Retirement Plan Industry Update

July 20, 2017

Written by David Westra, Partner

DOL Fiduciary Rule Update

Congressional efforts to stop the rule include:

  • Letters to DOL Secretary Acosta urging further delay and review
  • Financial CHOICE Act would nullify the rule and prevent DOL from prescribing a new one until SEC issues a final fiduciary rule
  • House and Senate bills would repeal the rule and allow conflicts to be solved by disclosure
What is required effective July 9, 2017?
  • A person or organization will need to act as a fiduciary when making any of the following recommendations, if for a fee:
    • Investment of plan or IRA assets
    • Distributions from, or rollovers to, a plan or IRA
    • Management of securities or other property, including,
      • A person to provide investment advice or investment management services
      • Selection of account arrangement (e.g., brokerage v. advisory)
      • Investment policies or strategies
    • Best Interest Contract (BIC) exemption is available, but firms only need to comply with the “impartial conduct standards” during the transition period
      • Give advice in the best interest of the retirement investor
      • Charge no more than reasonable compensation
      • Make no misleading statements
    • Effective January 1, 2018, all requirements of the BIC are scheduled to take effect, including:
      • Written agreements with IRA holders
      • Substantial disclosures to retirement investors

(J.P. Morgan, 2017)

 
Are Your Retirement Plan Records Being Kept?

In the Estate of Barton v. ADT Sec. Servs. Pension Plan, the courts have ruled that it is the plan sponsor’s responsibility to keep retirement plan records until all liabilities have been distributed. It is required and essential for sponsors to work with record keepers to ensure that a plan’s retirement data is organized, accurate, and current.

Mary Henderson, CEBS, ERPA, QPA, recently wrote, “The IRS and federal tax regulations require that records be retained as long as their contents may become material in the administration of any internal revenue law. As a result, records for retirement plans should be kept until all benefits have been paid, the trust has been dissolved, and sufficient time has passed that the plan will not be the subject of an audit.”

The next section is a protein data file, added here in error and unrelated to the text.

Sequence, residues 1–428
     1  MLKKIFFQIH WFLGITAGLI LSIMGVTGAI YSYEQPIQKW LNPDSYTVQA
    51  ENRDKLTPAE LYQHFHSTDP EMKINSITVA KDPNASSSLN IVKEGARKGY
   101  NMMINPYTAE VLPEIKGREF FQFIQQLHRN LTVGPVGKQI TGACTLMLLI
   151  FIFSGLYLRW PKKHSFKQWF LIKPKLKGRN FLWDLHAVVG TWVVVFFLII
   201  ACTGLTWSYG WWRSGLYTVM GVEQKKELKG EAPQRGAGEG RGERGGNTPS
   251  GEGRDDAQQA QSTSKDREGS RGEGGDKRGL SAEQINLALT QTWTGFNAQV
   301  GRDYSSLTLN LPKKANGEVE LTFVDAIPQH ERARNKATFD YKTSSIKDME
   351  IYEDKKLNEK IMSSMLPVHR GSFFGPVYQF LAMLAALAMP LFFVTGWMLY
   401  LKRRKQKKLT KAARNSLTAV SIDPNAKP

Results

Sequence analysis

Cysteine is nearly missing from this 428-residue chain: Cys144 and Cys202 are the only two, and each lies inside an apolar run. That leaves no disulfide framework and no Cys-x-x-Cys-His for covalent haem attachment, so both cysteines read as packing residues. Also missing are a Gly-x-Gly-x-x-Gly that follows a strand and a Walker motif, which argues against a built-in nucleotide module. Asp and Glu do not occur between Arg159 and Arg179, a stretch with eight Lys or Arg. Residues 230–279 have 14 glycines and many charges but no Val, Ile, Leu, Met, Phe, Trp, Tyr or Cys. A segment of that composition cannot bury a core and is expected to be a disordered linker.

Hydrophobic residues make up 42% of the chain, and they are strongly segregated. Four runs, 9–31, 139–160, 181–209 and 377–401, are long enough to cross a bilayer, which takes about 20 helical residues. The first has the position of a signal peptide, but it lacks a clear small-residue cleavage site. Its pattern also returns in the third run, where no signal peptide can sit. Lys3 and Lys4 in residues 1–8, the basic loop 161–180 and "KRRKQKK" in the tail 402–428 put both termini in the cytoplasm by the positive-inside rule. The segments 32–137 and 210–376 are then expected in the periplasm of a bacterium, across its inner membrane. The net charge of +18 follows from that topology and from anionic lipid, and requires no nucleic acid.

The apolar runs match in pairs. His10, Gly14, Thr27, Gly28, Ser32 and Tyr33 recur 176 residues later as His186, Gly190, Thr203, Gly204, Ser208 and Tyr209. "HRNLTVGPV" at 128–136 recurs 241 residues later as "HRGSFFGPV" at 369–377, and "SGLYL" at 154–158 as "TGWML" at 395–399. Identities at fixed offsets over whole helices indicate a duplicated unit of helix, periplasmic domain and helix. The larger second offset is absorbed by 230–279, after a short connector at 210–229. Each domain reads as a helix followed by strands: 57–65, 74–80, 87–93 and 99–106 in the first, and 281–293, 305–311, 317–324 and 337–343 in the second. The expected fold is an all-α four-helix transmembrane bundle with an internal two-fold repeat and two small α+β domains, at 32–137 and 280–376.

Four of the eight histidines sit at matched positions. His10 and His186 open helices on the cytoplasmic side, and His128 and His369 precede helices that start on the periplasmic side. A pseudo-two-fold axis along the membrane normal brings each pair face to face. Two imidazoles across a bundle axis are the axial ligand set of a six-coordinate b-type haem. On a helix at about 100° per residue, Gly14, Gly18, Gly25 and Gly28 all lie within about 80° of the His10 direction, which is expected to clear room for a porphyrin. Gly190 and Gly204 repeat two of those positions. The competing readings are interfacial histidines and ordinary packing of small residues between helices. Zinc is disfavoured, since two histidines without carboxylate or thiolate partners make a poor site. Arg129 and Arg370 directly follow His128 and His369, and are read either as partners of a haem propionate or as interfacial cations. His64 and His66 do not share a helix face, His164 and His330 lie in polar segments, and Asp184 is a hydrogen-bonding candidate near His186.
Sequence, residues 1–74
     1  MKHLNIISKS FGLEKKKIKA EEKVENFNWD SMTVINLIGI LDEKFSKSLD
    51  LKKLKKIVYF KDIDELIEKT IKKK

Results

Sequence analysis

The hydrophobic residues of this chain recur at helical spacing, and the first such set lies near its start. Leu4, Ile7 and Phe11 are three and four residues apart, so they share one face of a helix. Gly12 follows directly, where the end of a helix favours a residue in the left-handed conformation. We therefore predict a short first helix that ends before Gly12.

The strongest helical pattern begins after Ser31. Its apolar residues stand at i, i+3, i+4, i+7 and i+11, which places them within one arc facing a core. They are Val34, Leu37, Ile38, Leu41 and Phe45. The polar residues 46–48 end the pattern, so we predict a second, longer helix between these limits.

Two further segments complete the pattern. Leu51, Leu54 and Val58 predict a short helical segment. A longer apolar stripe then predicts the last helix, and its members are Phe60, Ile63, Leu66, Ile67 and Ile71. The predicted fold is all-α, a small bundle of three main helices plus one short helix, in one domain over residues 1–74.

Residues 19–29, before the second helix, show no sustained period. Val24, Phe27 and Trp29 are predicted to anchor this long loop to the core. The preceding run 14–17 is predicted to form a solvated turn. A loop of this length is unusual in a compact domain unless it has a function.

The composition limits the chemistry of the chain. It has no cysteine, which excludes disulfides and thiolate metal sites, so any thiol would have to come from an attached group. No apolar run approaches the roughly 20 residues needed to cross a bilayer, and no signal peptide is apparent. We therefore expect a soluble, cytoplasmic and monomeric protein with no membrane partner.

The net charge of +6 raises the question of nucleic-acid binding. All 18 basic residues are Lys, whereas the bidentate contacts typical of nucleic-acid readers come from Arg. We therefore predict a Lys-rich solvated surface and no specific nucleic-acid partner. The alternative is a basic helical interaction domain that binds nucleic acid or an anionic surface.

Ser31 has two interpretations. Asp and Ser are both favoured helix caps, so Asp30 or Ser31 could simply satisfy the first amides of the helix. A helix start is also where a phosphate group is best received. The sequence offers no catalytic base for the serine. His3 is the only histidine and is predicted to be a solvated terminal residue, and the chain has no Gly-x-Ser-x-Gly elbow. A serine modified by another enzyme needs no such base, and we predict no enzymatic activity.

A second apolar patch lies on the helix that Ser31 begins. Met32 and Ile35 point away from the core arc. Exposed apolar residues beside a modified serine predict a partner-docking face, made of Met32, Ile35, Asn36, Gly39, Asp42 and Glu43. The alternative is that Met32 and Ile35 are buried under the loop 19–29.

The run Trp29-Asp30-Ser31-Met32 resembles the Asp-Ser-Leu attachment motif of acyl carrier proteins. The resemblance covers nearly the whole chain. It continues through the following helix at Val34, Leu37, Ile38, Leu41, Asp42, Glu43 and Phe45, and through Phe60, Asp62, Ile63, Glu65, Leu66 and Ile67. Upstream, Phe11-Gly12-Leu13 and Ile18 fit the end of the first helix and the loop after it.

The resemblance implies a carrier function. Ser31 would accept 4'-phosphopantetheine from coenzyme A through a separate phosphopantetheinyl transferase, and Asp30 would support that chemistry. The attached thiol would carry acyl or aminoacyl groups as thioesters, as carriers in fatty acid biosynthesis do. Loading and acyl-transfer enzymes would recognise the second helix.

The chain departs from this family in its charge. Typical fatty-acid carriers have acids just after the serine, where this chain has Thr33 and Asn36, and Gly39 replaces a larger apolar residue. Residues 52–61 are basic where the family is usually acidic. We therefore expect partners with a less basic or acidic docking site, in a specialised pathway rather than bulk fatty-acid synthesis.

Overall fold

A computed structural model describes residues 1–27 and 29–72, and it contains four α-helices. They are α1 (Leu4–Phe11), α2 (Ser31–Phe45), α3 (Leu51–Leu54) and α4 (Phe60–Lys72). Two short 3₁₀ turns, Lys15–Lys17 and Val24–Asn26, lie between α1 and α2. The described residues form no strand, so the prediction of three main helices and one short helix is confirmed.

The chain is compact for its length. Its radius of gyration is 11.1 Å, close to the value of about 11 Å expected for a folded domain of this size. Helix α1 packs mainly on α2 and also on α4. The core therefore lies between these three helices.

The following is a summary of the Barton case:

  • Bruce Barton, former employee of ADT, sought retirement benefits from ADT 24 years after he left the
  • Barton provided paystubs, W-2s, employee identification, and
  • The California U.S. District Court’s initially ruling declared that the claimant (Barton) was likely entitled to pension benefits but lacked access to key
  • Barton appealed to the 9th Circuit Court, where the decision ultimately came down to which party was responsible for keeping plan eligibility, participation, and vesting records.
  • Appellate court found that the employer (ADT) was in a better position to maintain and provide necessary records to prove benefit

(Kurdek, 2017)

IRS Pressures Employers to Adopt Only Pre-Approved Plans

The IRS is modifying the pre-approved letter program by combining the master and prototype (M&P) and volume submitter (VS) programs into a new opinion letter. The IRS promotes that the goal of the initiative is to encourage employers that currently maintain individually designed plans to convert to the pre-approved format.

The new program is:

  • Simplified by eliminating the distinction between M&P and VS plans
  • Liberalized by increasing the types of plans eligible for pre-approved status
  • Revised to offer greater flexibility in the design of pre-approved plans (Iekel, 2017)

401(k) Lawsuits Seek to Establish if Fees are Necessary and Reasonable

A best practice to mitigate the risk of a retirement plan lawsuit is to reduce, and eliminate where possible, revenue sharing arrangements. The structure of fiduciary liability under ERISA is that fees must be reasonable and necessary and that the plan must be constructed for the sole benefit of the participants.

For plan sponsors to reduce liability stemming from revenue sharing, they need to:

  1. Understand all fees assessed by service providers
  2. Determine the fees are reasonable for the services rendered

As a plan sponsor, it is a best practice to proactively benchmark and monitor all fees associated your retirement plan.

(Lynch, 2017) (Barstein, 2017)

Works Cited

Quarterly DC Review: 3Q2017 [Pptx]. (2017, July). J.P. Morgan Asset Management. JPMorgan Chase & Co.

 

Iekel, J. (2017, July 5). IRS Moves to Nudge Employers to Pre-Approved Plans. Retrieved July 17, 2017 from http://www.napa-net.org/news/managing-a-practice/regulatory-compliance/irs-moves-to-nudge- employers-to-pre-approved-plans/

 

Kurdek, R. (2017, July 5). Who’s Responsible for Keeping Retirement Plan Records. Retrieved July 17, 2017 from https://401ktv.com/whos-responsible-keeping-retirement-plan-records/

 

Lynch, E. (2017, June 29). Making Sure 401(k) & 403(b) Fees are “Necessary” & “Reasonable”–Part One. Retrieved July 18, 2017 from http://www.fiduciaryplangovernance.com/blog/making-sure-401k- 403b-fees-are-necessary-reasonable-part-one

 

Barstein, F. (2017, July 5). Revenue Sharing Spurring 401(k) Lawsuits with More to Come. Retrieved July 18, 2017 from https://401ktv.com/revenue-sharing-spurring-401k-lawsuits-come/